It has been said that "the Internet is like a library, where all the books are thrown in a big pile on the floor". Well, I'm afraid the same applies to FamilySearch Help articles and other user documentation. I do believe most of the documentation I need is already written; it's just incredibly hard to find.
A typical case: I find an error in a source record. I know that "Wrong in the Document" is one of the reasons I can state for editing the record, but I'm looking for some examples to make sure I'm filling out the appropriate fields correctly etc. Typing "error" in the Help popup search field leads me to an article "How do I correct transcription errors in historical records?" which sounds like what I want.
But reading that article merely tells me what I already know, that I should select "Wrong in the Document" when correcting such an error. At the end of this article, there is a list of "related articles", but judging from their titles they don't seem to constitute a comprehensive list of everything there is to know about correcting errors in source records, especially as they stray into partly different topics.
In order to easily determine when I should stop searching and instead turn to the Community for advice, I would find a systematic "Table of Contents" linking to the articles already available very helpful. Here is a sample ToC outline, partly based on your selection of web page menus:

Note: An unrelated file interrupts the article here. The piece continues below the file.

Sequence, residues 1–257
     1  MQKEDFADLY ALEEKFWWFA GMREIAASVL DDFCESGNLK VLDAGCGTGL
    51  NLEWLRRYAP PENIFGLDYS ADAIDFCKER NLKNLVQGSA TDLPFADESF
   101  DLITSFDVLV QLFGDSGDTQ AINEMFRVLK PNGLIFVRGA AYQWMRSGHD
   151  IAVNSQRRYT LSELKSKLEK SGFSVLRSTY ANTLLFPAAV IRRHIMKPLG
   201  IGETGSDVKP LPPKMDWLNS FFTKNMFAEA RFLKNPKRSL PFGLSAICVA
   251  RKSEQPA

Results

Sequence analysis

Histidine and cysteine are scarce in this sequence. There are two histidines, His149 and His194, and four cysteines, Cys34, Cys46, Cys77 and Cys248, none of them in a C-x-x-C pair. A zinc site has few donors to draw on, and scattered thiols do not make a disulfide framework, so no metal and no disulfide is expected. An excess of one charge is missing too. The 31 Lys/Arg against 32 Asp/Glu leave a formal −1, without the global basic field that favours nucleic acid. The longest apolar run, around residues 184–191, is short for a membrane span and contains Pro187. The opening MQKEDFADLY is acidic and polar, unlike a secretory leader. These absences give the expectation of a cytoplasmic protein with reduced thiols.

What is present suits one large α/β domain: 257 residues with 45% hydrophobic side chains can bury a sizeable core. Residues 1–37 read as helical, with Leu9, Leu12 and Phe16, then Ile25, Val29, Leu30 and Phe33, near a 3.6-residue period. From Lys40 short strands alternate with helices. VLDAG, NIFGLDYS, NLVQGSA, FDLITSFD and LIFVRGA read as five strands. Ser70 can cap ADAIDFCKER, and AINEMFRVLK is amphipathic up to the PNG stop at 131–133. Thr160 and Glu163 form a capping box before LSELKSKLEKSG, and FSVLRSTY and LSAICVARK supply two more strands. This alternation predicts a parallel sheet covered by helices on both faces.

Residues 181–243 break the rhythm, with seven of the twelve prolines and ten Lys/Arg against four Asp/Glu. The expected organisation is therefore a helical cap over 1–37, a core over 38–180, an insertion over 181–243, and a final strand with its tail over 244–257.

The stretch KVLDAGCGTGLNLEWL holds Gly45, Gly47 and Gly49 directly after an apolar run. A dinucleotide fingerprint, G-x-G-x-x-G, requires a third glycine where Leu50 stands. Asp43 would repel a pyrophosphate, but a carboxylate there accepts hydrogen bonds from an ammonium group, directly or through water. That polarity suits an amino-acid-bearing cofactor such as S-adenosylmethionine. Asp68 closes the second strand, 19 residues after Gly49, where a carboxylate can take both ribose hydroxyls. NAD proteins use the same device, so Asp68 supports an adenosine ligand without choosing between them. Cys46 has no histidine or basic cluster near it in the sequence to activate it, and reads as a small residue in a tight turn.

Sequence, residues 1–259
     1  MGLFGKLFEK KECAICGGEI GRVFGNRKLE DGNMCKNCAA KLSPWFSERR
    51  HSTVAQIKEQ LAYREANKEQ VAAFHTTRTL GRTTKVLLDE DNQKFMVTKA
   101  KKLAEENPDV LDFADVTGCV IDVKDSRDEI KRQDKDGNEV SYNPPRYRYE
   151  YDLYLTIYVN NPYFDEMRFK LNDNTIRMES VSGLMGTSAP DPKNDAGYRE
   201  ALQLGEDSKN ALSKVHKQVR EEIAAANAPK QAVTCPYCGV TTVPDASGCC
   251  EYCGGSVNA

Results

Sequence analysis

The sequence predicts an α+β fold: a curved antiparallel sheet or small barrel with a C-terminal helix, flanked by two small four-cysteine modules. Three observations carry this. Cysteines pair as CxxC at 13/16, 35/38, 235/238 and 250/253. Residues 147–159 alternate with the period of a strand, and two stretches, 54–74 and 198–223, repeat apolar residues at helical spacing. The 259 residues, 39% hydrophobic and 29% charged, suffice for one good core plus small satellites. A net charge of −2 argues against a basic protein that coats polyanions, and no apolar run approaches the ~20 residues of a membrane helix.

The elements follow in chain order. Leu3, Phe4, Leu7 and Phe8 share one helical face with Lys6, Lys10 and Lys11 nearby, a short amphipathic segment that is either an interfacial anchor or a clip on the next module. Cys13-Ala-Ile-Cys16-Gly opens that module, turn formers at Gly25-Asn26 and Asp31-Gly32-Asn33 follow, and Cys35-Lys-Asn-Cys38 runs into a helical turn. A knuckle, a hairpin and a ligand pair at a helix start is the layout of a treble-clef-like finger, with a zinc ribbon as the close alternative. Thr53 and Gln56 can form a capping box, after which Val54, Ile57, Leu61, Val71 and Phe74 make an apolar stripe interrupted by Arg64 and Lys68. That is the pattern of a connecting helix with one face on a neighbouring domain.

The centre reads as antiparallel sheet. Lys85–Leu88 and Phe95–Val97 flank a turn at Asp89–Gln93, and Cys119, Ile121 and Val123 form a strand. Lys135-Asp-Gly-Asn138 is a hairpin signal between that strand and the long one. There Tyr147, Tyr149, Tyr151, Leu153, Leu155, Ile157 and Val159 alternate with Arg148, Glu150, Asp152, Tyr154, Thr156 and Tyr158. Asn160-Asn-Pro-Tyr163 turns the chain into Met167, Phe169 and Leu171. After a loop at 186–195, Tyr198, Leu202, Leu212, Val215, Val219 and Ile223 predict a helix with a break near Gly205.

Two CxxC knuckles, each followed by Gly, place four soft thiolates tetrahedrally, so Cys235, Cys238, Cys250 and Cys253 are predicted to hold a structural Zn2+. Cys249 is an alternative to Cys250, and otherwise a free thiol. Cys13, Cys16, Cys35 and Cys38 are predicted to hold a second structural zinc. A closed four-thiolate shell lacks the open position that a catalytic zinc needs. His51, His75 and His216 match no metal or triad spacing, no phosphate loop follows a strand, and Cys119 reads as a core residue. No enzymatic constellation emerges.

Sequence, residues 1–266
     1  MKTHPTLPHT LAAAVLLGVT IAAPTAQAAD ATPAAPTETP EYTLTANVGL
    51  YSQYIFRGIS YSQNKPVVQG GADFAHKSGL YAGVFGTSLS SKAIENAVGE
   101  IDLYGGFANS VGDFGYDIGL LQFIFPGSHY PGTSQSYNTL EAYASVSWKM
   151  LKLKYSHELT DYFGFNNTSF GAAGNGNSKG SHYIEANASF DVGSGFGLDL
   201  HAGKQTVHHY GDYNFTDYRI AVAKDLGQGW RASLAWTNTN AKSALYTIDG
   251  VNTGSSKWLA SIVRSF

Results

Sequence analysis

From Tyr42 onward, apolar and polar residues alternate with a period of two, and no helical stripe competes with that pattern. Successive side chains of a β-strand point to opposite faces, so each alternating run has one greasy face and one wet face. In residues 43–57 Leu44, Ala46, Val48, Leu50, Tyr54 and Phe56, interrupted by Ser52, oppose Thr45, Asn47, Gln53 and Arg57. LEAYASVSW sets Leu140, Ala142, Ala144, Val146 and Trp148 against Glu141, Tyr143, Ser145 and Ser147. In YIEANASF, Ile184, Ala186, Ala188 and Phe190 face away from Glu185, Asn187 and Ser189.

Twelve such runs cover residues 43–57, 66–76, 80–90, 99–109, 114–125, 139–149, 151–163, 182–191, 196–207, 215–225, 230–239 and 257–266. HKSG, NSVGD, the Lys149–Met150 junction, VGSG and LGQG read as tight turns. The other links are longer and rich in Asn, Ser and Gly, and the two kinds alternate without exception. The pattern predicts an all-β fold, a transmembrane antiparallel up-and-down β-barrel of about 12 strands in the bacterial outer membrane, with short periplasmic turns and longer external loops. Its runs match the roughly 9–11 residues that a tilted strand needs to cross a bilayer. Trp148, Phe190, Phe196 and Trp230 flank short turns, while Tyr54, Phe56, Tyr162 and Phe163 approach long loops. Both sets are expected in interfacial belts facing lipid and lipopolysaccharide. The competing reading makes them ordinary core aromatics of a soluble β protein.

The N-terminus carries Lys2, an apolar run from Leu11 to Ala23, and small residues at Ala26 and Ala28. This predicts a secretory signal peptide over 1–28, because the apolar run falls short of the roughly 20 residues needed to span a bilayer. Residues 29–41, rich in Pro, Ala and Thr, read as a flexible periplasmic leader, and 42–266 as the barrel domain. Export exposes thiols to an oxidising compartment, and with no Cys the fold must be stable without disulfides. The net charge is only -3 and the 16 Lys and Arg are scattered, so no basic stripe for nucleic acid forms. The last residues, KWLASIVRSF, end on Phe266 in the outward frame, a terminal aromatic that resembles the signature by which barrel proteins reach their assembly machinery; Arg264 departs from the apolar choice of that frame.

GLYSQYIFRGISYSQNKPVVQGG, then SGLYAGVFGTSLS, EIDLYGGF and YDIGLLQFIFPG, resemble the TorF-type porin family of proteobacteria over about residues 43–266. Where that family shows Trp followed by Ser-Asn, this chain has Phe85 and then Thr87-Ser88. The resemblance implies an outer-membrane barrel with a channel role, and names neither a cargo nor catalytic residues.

I understand I can always turn to the Community to ask a question. But if I receive a link to an article in response, the Community is essentially spending human labour and time to cover up for the lack of a Table of Contents, which could be written once and then only amended as needed.
These Quick Start Learning Lessons are in the format you suggest: https://www.familysearch.org/en/fieldops/quick-start-learning-lessons-table-of-contents
Thanks! Pretty much what I was asking for, and now I'm glad I was prevented from sending my suggestion to some office lacking time or obligation to respond, and therefore decided to ask the Community instead. A few minor gripes, though:
But in a general sense, my wish has been granted.